Grant Mauk

Contact InformationNo Image
Life Sciences Centre
#4304, 2350 Health Sciences Mall, Vancouver, BC, Canada V6T 1Z3
Tel 1-604-822-3719
Fax 1-604-822-7742

Current Positions

  • Professor, Biochemistry and Molecular Biology/Medicine
  • Canada Research Chair in Blood Proteins

Research Interests

Iron is essential for life, and the average adult human body contains 3.5 grams of iron. Both excess iron and iron deficiency are pathological, so regulation of iron uptake and distribution to tissues in which it will be used requires a sophisticated metabolic system to monitor iron status and distribution and to assure iron homeostasis. This situation is complicated further by the insolubility of non-chelated Fe 3+ at physiological pH and competition for iron with infectious bacteria and parasites.

Hemopexin, transferrin, Dcytb, and bacterioferritin are the principal proteins involved in iron metabolism that we are studying. Hemopexin is the heme scavenging glycoprotein from human plasma that removes heme released to the circulation by hemolysis or rhabdomyolysis and thereby provides protection against oxidative damage to tissue catalyzed by unbound heme. Transferrin is the plasma protein that is primarily responsible for transport and distribution of iron from the gut and liver to tissues requiring iron. Dcytb is an integral membrane protein of the duodenal mucosa that has been proposed to be responsible for reduction of dietary iron from Fe 3+ to Fe 2+ and thereby promote iron uptake by the divalent metal transporter, Dmt1. Bacterioferritin is a bacterial form of ferritin that differs in part in that it is comprised of a single type of subunit and is able to bind heme. For these proteins, our general approach is to apply a variety of spectroscopic, kinetic, thermodynamic and structural strategies to characterize the manner in which the protein environment influences the chemical and physical properties of the iron center. Our studies concerning recombinant forms of transferrin are performed in collaboration with the group of Professor Ross MacGillivray (UBC), and our studies of bacterioferritin are performed in collaboration with the groups of Professor Geoffrey Moore and Dr. Nick Le Brun ( University of East Anglia , U.K. ).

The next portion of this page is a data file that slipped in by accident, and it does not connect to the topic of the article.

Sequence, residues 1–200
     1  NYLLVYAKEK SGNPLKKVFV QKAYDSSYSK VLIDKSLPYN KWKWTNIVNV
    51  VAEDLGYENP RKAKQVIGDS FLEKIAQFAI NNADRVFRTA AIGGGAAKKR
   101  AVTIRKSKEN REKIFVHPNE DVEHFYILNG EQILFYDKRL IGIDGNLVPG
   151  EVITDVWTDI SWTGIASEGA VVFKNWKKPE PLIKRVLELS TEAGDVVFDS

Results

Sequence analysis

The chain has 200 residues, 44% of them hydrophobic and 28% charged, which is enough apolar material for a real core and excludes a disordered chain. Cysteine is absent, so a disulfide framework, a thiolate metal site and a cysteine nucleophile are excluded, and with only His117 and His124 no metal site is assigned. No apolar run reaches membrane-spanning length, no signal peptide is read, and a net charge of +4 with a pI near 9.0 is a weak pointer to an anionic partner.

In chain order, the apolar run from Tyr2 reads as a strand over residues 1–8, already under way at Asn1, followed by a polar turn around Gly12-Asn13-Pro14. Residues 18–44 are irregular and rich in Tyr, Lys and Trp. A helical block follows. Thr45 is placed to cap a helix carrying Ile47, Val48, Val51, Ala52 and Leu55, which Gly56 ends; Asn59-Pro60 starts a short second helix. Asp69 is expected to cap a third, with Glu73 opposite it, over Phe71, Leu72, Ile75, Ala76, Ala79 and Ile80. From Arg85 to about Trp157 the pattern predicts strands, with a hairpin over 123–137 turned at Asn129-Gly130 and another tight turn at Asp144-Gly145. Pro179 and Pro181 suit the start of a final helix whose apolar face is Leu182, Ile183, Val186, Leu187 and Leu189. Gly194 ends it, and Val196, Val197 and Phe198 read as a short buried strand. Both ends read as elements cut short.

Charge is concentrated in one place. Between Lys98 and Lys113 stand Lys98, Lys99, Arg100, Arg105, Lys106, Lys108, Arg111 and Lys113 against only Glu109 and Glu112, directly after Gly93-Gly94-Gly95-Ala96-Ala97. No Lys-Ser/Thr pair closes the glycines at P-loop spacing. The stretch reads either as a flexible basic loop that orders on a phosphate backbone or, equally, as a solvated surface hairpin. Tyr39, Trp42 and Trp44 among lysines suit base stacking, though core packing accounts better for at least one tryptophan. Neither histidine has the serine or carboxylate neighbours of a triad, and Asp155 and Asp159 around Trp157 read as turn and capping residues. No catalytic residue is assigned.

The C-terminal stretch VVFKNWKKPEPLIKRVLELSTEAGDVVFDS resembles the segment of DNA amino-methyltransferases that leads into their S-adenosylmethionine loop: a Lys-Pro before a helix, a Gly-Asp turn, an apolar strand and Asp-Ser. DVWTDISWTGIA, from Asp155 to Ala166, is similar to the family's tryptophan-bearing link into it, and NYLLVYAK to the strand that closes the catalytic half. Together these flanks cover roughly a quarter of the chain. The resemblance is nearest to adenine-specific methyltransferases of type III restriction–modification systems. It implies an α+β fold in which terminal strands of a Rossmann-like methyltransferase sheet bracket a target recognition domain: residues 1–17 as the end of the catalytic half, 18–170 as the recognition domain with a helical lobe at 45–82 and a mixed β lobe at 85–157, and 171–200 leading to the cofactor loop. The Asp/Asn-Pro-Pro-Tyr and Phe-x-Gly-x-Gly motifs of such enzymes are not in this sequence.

1. Hunter CL, Mauk AG. Engineered metalloregulation of azide binding affinity and reduction potential of horse heart myoglobin. Dalton Trans. 2012 Dec 19.
  2. Alam S, Yee J, Couture M, Takayama SJ, Tseng WH, Mauk AG, Rafferty S. Cytochrome b(5) from Giardia lamblia. Metallomics. 2012 Dec 21;4(12):1255-61.
  3. Kuo HH, Mauk AG. Indole peroxygenase activity of indoleamine 2,3-dioxygenase. Proc Natl Acad Sci U S A. 2012 Aug 28;109(35):13966-71.
  4. Ukpabi G, Takayama SJ, Mauk AG, Murphy ME. Inactivation of the heme degrading enzyme IsdI by an active site substitution that diminishes heme ruffling. J Biol Chem. 2012 Oct 5;287(41):34179-88.
  5. Williams DE, Steinø A, de Voogd NJ, Mauk AG, Andersen RJ. Halicloic acids A and B isolated from the marine sponge Haliclona sp. collected in the Philippines inhibit indoleamine 2,3-dioxygenase. J Nat Prod. 2012 Aug 24;75(8):1451-8.